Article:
Upgrading Technology: Making the Leap

I had several conversations this week about technology in various forms. I found myself bemoaning how slowly “some people” can be to adapt to a chance, and how reluctant they are to commit to doing anything new, even if it is ultimately an improvement.

Funnily enough, I then found myself trying to use unfamiliar websites as I searched for hotels, and I fell into the same trap I’d criticized the general public for falling into.

I’m used to using Hotels.com. I’m familiar with the tool, and it made sense. My sister mentioned how she liked to use Booking.com. I took a look at it for a few minutes, but I moved on, since it was harder to use than Hotels.com. “It’s pretty much the same thing,” I said to myself to excuse the speed with which I dismissed it. But what it really was was different and unfamiliar. I had asked for recommendations on new tools, and then I had dismissed those recommendations when they didn’t like up with my pre-existing experience.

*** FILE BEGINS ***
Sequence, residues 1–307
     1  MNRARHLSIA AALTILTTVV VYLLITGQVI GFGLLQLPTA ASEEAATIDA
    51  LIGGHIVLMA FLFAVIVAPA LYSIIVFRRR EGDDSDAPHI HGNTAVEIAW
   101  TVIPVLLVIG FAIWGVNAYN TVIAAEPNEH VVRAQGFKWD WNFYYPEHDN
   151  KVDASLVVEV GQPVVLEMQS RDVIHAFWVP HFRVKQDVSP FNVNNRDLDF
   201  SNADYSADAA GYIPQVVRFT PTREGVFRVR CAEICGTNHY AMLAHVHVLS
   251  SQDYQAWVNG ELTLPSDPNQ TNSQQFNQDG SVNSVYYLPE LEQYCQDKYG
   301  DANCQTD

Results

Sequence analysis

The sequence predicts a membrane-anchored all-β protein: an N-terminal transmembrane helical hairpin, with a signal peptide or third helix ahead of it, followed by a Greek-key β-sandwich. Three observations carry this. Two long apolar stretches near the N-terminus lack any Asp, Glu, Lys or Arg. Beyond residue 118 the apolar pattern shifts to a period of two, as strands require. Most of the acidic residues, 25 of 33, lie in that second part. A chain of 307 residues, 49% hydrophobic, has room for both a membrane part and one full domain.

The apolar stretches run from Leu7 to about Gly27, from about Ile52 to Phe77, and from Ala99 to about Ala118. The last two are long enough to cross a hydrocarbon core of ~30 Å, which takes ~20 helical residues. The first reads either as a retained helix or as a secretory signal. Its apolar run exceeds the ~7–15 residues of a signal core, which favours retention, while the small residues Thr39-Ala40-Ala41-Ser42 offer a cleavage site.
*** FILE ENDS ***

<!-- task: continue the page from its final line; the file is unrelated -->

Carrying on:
Except as I tried to keep searching, I was still struggling. Hotels.com wasn’t giving me the results I wanted, and so I eventually went back to Booking.com and forced myself to give it another shot. To learn how it works and how to get good results with it. And after I’d put in the proper amount of time, I discovered that yes, it was very useful. The irony was not lost on me.

In a separate conversation, I discussed how websites are constantly changing and evolving. Each time they do, the user base often complains. It’s different. It’s harder to find things anymore. But it’s not really the fact that it’s harder. It’s that it was improved, and sometimes (often) improvement means shaking things up. Taking a new perspective on things. And if you go back and look at how websites used to look in the 90s or early 2000s, (or even 2010), it’s easy to see how far web design has come, and how grateful we should all be.

So that’s my thought for you today. It’s important to keep an open mind to new experiences, especially where technology is involved. Because it all changes fast enough that it’s important we learn from past mistakes and open the door to new capabilities.

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